Sinhala Buddhist nationalism, rather than China, is also the main obstacle to greater economic and infrastructural connectivity with India. In Sinhala Buddhist MythologyIndia is an ongoing cultural threat and source of alleged invasions that have destroyed the island’s once pristine Buddhist civilization. Although the actual history is quite different from this mythology, it is the mythology that is politically important and has been cited as an obstacle to Indo-Lankan relations even by normally Indophile political leaders such as Chandrika Bandaranaike.
Sri Lanka also continues to be plagued by political and economic instability, conditions that make it difficult, if not impossible, to build the long-lasting and reliable relationships that the United States and India aspire to. Although it has been more than 10 years since the end of the civil war, the country remains entangled in a escalating debt crisis, exacerbated by the pandemic, persistent ethnic tensions that sometimes become violent, and creeping militarization already in acute proportions in the Tamil areas. However, the ultimate source of this instability is not China itself or its ‘debt trap diplomacy’, but rather the powerful and intolerant Sinhalese Buddhist Nationalism that dominates Sri Lanka’s politics and public institutions. These forces have been unchecked since the election of President Gotabaya Rajapaksa, who is himself accused of monitoring atrocities.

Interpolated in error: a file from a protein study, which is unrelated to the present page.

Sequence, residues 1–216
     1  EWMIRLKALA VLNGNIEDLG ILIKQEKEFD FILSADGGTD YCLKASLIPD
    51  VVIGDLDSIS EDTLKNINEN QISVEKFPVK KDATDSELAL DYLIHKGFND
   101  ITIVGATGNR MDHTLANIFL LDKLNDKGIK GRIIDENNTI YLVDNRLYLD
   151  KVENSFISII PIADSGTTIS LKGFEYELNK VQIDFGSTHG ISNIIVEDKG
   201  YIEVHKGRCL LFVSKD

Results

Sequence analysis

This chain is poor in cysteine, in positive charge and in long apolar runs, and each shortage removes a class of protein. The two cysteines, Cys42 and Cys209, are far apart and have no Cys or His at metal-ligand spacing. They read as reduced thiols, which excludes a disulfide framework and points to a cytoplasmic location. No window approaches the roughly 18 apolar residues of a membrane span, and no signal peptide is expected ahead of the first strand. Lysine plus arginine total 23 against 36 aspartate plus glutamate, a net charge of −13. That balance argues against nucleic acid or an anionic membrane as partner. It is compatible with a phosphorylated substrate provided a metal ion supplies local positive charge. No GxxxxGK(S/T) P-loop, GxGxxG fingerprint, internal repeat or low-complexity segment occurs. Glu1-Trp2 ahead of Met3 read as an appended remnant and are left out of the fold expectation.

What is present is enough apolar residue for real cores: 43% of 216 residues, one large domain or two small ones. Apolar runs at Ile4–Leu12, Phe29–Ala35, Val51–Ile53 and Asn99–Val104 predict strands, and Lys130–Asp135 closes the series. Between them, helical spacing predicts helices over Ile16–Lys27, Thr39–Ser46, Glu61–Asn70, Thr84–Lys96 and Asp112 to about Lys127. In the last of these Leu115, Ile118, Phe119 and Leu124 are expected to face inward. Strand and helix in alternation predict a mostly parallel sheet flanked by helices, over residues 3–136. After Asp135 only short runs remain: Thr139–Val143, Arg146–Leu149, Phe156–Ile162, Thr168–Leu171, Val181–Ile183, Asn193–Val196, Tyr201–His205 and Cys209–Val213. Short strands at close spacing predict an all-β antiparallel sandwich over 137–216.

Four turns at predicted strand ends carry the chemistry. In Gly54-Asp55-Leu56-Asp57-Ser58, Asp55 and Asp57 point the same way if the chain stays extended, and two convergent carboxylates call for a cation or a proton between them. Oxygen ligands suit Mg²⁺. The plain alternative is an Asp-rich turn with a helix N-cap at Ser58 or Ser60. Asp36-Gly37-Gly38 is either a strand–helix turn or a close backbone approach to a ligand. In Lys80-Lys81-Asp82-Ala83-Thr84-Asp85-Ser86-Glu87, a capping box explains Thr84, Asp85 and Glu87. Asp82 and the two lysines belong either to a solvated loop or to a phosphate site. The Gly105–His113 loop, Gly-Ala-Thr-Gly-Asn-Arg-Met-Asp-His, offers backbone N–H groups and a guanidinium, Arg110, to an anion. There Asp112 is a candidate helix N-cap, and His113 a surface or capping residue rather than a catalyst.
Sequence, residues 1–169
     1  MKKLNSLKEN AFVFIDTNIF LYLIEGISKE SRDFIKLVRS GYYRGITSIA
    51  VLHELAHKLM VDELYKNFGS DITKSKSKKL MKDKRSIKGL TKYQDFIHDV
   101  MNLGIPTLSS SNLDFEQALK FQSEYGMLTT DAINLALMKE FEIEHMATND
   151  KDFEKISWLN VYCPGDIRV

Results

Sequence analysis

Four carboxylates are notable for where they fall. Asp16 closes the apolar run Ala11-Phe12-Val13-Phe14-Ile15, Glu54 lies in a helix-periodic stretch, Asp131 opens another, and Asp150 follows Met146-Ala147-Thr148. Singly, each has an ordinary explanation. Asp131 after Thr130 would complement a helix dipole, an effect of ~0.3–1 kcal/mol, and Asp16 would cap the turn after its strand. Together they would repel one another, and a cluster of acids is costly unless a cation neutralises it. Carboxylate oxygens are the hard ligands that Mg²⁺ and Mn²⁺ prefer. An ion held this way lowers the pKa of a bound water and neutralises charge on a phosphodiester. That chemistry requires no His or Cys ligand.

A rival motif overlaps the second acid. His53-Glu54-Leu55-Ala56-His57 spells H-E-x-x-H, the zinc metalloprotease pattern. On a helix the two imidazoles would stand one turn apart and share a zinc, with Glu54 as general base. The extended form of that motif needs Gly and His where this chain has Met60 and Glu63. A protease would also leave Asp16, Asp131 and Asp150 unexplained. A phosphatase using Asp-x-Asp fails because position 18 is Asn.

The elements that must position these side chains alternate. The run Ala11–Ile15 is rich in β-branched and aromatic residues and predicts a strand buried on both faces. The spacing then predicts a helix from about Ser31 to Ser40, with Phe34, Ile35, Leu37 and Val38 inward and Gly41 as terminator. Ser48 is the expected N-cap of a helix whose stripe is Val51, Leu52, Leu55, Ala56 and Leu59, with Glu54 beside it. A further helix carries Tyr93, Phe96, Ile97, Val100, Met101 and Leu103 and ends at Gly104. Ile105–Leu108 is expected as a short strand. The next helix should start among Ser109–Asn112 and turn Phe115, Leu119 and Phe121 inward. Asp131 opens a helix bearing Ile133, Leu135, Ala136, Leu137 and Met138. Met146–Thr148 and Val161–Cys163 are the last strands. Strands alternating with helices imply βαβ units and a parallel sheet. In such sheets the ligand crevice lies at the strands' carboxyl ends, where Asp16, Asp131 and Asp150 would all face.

However, the United States and India do have tools at their disposal that can be used to forge strategic ties without compromising accountability and political reform progress. The long histories linking the island to the West and India, and those cannot be replicated by China, can and should be used to pressure Sinhalese leaders to take necessary but unpopular measures to promote the political rights of Tamils and Muslims.